This Sunday 23rd June would have been Alan Turing’s 101st birthday and leading charity The Lesbian & Gay Foundation are calling on people across the city to nominate in The Alan Turing Memorial Award, supported by Manchester City Council, recognizing those who have made a significant contribution to the fight against homophobia, biphobia and transphobia in Manchester.
Alan Turing was born in 1912; and this Sunday, 23rd June, would have been his 101st Birthday. Turing is often known as the founding father of computer science and during World War II worked at Bletchley Park helping to break the German spy code. Turing also helped design one of the world’s first computers during his time at The University of Manchester.
Sadly Turing is also known for being persecuted for his sexuality. In 1952 he was criminally prosecuted for being a homosexual and accepted treatment with female hormones, as an alternative to prison. Turing died in 1954, just over two weeks before his 42nd birthday, from cyanide poisoning.
Leading Manchester-based charity, The Lesbian & Gay Foundation, are calling for nominations in The Alan Turing Memorial Award, supported by Manchester City Council to commemorate Turing’s astounding work and achievements in his lifetime.
The Alan Turing Memorial Award is part of the charity’s annual awards ceremony, The Homo Heroes Awards, supported by Barclays, and gives people the chance to recognise individuals, groups and organisations that have made a difference in the past year.
Now in its third year, the awards provide an opportunity to celebrate those that have challenged discrimination, are role models for the community and have a made a difference to the lives of lesbian, gay and bisexual people.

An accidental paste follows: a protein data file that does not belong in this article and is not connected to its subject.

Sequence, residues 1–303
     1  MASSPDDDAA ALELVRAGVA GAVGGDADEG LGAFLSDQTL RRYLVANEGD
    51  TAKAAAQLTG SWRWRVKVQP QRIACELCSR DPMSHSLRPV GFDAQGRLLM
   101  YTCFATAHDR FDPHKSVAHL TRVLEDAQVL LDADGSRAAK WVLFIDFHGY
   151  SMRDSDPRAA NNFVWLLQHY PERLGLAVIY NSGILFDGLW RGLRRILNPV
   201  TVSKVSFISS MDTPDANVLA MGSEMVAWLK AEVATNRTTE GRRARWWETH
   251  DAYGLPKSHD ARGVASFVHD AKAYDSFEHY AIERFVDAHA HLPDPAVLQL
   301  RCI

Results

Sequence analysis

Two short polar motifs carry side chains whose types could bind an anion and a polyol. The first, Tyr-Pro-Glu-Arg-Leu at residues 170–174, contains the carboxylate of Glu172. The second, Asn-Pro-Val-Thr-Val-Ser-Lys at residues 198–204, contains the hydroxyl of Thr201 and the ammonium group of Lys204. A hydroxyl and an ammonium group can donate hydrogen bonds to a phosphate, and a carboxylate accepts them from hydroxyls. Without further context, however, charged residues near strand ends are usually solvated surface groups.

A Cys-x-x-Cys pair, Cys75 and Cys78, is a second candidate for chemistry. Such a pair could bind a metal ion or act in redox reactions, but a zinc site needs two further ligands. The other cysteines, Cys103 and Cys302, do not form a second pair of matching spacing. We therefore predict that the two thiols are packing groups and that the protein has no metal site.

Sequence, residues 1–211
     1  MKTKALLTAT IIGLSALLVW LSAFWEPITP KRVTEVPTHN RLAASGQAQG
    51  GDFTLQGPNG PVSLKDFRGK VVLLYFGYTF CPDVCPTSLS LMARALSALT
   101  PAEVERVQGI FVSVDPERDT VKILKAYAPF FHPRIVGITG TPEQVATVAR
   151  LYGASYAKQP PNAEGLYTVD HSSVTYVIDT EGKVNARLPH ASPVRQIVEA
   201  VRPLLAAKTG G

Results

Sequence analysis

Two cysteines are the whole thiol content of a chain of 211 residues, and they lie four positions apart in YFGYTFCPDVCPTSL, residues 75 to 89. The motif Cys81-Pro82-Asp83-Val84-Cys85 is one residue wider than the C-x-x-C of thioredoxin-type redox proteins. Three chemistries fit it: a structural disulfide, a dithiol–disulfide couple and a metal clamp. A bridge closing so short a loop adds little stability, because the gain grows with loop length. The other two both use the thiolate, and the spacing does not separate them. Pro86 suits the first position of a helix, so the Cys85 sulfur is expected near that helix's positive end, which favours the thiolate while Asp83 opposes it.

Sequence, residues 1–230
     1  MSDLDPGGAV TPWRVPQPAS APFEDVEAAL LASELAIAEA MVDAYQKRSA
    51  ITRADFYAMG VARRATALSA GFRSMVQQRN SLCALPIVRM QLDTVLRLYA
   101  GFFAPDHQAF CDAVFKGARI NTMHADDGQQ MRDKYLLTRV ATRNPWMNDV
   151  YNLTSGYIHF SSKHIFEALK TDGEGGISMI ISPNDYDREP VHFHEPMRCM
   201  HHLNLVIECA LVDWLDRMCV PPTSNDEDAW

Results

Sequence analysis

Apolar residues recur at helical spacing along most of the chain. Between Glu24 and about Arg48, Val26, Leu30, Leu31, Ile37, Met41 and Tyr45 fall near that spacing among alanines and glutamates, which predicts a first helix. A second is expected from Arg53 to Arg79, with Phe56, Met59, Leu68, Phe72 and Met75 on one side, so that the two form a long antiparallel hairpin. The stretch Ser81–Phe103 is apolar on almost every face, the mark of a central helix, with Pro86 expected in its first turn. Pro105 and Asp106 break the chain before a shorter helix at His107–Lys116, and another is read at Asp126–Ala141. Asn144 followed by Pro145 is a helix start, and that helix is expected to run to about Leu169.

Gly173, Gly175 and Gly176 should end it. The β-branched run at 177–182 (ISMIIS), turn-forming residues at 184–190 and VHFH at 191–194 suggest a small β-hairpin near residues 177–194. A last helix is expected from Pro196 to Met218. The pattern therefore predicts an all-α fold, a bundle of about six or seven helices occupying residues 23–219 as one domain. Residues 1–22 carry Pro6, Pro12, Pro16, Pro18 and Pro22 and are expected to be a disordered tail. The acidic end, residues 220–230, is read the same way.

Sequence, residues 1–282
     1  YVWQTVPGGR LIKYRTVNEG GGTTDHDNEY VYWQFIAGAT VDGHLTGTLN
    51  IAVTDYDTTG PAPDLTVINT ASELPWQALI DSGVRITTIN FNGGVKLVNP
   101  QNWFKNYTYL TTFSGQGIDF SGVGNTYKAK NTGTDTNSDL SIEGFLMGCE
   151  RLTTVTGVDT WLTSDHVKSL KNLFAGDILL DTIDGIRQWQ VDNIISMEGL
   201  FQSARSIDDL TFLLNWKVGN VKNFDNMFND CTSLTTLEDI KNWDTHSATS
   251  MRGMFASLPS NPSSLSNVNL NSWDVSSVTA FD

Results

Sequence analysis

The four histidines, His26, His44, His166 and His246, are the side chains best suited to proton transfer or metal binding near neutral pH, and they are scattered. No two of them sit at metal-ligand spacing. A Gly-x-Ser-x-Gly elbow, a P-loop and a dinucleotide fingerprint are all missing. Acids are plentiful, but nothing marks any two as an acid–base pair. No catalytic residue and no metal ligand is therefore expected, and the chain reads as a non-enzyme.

Paul Martin OBE, Chief Executive of The Lesbian & Gay Foundation, comments “The Homo Hero Awards are now an established event in our annual calendar and provide a unique opportunity for the community to ‘thank’ their heroes. We’re really looking forward to hearing all the inspiring stories and recognising those who have made a difference to the lesbian, gay and bisexual community”.
The Alan Turing Memorial Award is supported by Manchester City Council and is awarded to a person, business or organisation who has made a significant contribution in the fight against homophobia, biphobia or transphobia in Manchester.
Last year’s inaugural award went to Julie Barnes Frank, a police officer for 30 years who was one of the first openly-gay officers in not just Greater Manchester Police, but also in the country.
Closing date for nominations is 21st July 2013. The recipient of The Alan Turing Memorial Award will be decided by a panel. Winners will be announced at an awards ceremony on 3rd October 2013 in Manchester.
To vote in The Homo Heroes Awards, including The Alan Turing Memorial Award, visit www.lgf.org.uk/hero